If Jon Griffin wanted to compare himself to Thomas Edison, few people who knew him would argue.
There are not many baseball players who have done a better job of reinventing themselves several times over.
Since his senior year at Lakewood Ranch when a shoulder injury ended what figured to be a promising pitching career, Griffin has performed Houdini-like magic with his baseball skills.
After high school, he spent two years at State College of Florida playing first base while hoping his shoulder would heal. Griffin never regained the velocity that made him a highly touted pitching prospect, but turned himself into a powerful hitter and gained national notoriety for hitting 22 homers to lead Florida JUCO players in 2008.
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Griffin was selected several times in the Major League Baseball draft but opted to continue his education and went to play for the University of Central Florida in 2010.
The 22 year-old is reaping the rewards of his work this week with the Knights, who are playing in the NCAA Tournament’s Tallahassee Region hoping to earn a spot in the College World Series. UCF dropped its first game of the double-elimination tournament, 5-3, to Alabama. They play again at noon today.
Griffin might be unrecognizable to those who haven’t seen him in a few years. At 6-foot-7, he has always been tall, but he has gained 30-plus pounds and now tips the scales at about 250.
His coaches note he added pure muscle, and it has done wonders for him. The first baseman was a first-team Conference USA selection, tied for eighth in the country with 18 homers and finished the regular season with a .332 batting average, 34 points higher than last season. He also led the Knights in slugging percentage (.634) and was second with 53 RBIs.
The added strength has had a significant effect on Griffin, enough to make him open the eyes of major league scouts, according to UCF associate head coach and hitting instructor Cliff Godwin.
“Jon has more raw power than anyone I’ve ever coached. There are very few guys in the country who have the power that Jonny does,” said Godwin, who has had 35 of his players drafted during a college coaching career that began in 2005.
The added muscle has helped Griffin in numerous ways and is a reason he has improved his batting average and become a more consistent hitter.
“Now I don’t have to swing as hard. I don’t have to put that much effort into it, and that has helped me see the ball better and hit more consistently,” Griffin said from Tallahassee. “In junior college, I was a swinger and now I am a consistent power hitter.”
Griffin’s homers are even more impressive because of the new aluminum bats that were mandated this year for college baseball. They are made with a different composition that makes their “pop,” or propulsion, similar to what you get in a wooden bat. According to NCAA statistics released in April, home runs are down by nearly 50 percent in college baseball.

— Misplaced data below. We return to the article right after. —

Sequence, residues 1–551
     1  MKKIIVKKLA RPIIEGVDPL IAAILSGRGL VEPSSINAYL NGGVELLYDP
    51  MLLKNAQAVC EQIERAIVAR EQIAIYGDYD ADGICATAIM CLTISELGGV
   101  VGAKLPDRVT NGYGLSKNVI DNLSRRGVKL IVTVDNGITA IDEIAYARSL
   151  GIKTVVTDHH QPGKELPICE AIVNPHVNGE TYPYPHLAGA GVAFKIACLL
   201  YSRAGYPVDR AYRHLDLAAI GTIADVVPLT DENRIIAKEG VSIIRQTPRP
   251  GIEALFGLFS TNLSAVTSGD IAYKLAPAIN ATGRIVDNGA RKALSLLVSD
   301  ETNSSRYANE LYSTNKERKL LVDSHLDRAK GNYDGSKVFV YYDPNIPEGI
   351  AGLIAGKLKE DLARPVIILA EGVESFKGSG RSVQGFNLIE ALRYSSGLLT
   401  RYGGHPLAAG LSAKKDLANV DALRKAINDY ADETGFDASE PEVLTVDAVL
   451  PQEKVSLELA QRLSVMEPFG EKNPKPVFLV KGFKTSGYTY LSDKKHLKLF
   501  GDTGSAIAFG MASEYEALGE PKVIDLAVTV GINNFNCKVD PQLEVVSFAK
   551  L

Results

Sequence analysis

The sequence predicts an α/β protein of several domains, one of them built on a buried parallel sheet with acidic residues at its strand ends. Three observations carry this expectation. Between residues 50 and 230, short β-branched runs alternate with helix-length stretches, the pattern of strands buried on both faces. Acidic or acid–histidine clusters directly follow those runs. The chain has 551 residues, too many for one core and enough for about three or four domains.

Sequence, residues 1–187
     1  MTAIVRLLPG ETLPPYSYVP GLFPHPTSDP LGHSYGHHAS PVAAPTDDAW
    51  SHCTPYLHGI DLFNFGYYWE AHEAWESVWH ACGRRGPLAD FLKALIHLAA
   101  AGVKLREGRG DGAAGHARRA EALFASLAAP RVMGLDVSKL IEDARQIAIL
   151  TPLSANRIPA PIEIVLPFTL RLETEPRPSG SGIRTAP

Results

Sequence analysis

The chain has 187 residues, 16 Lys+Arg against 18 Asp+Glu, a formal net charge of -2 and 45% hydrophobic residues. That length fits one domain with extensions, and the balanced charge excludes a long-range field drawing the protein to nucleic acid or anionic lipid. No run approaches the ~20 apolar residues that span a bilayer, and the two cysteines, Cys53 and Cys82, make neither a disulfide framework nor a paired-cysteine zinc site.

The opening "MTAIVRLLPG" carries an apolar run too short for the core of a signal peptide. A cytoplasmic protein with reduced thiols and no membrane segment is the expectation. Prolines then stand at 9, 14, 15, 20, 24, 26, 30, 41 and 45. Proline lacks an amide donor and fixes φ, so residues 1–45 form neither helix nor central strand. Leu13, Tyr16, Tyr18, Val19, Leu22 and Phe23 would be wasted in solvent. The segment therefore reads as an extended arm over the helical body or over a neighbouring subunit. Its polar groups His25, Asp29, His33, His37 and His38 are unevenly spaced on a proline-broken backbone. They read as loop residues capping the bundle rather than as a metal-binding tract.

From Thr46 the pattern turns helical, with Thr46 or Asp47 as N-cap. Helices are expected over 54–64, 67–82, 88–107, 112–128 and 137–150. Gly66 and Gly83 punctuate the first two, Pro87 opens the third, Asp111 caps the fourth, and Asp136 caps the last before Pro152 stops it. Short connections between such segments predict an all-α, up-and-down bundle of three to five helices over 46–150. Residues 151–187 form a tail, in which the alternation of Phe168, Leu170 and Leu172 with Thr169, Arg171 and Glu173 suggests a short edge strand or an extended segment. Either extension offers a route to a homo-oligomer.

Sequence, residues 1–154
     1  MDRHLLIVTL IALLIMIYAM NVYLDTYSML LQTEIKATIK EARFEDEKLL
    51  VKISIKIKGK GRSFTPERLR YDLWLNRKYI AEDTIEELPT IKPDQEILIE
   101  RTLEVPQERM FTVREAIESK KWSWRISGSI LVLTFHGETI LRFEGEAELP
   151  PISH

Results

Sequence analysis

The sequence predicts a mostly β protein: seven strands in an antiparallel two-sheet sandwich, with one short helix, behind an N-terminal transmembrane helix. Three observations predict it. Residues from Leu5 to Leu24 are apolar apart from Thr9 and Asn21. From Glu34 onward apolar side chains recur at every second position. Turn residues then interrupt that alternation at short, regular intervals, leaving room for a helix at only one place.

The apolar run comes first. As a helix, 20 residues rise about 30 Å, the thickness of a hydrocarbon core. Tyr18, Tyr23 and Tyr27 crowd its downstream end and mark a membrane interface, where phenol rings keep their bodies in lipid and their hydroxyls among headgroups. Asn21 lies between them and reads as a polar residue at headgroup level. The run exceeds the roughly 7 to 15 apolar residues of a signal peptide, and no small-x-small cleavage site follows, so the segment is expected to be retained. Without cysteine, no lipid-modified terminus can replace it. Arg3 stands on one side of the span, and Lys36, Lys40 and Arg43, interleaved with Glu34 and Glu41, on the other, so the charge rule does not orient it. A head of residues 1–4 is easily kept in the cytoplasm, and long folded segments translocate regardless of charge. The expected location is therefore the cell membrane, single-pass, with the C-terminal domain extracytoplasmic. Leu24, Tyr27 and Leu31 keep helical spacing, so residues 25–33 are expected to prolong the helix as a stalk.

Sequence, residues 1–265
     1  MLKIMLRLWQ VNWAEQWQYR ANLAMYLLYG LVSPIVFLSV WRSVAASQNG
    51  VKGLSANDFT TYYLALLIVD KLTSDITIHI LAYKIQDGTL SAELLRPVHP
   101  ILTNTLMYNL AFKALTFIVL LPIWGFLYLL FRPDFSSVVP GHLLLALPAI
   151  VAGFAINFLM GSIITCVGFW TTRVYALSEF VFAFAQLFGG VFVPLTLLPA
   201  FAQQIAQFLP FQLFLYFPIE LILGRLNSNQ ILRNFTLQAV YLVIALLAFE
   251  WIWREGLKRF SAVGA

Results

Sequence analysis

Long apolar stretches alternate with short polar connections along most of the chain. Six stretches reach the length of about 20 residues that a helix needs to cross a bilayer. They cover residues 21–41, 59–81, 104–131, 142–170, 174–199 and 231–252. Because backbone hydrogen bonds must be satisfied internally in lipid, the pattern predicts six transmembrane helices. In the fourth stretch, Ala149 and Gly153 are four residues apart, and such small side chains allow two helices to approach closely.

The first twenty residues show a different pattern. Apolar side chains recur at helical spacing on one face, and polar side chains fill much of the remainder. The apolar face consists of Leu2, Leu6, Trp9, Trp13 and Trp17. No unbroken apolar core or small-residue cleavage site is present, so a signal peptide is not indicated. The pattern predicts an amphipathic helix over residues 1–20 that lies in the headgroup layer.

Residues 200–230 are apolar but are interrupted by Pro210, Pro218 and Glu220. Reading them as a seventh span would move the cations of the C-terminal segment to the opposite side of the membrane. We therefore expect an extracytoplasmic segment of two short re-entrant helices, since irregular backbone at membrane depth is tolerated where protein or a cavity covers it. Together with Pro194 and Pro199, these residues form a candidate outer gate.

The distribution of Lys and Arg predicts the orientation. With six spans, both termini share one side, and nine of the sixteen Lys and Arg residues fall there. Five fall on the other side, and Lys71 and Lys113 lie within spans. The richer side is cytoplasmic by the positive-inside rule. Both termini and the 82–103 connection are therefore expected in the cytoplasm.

However, Griffin’s standing among major league scouts has improved because his homer production is significantly above last year, when he hit 13.
“Jon struck out more than he should have last season, but now with his added strength his swing is a little shorter and more compact, and he is hitting the ball more consistently with more impact,” Godwin said.
Griffin has heard scouts divide players into the aluminum bat-power guys and the others like himself, who are projected to consistently hit with power using the major league wood bats.
“The new bats have separated me from the other guys. What I’ve been able to do with them has really helped me stand out with the scouts,” Griffin said.
When Griffin looks back on his career, he never stops being astounded about how an injury opened up so many doors.
“I was never really a hitting prospect coming out of high school, and I feel blessed to do what I did in college,” Griffin said. “I was going through physical therapy for the shoulder, tried to play first base and ended up hitting a lot of homers. People starting telling me they like my bat and don’t worry about pitching anymore.”
Griffin is not sure how he will fare in this year’s draft, which begins Monday. Seniors usually don’t get picked in the early rounds, but he is not concerned and hopes he still will be playing college baseball next week at the super regionals.
“I don’t want to get too far ahead of myself,” Griffin said. “I feel blessed to be healthy and am sure everything will work out. I haven’t heard of any projections along those lines, and I don’t have any guess about when I might get picked. I just want an opportunity to play.”
What people might tend to forget are Griffin’s defensive skills. He is an inviting target as a tall first baseman and finished the season with a .993 fielding percentage, making only four errors in 545 chances.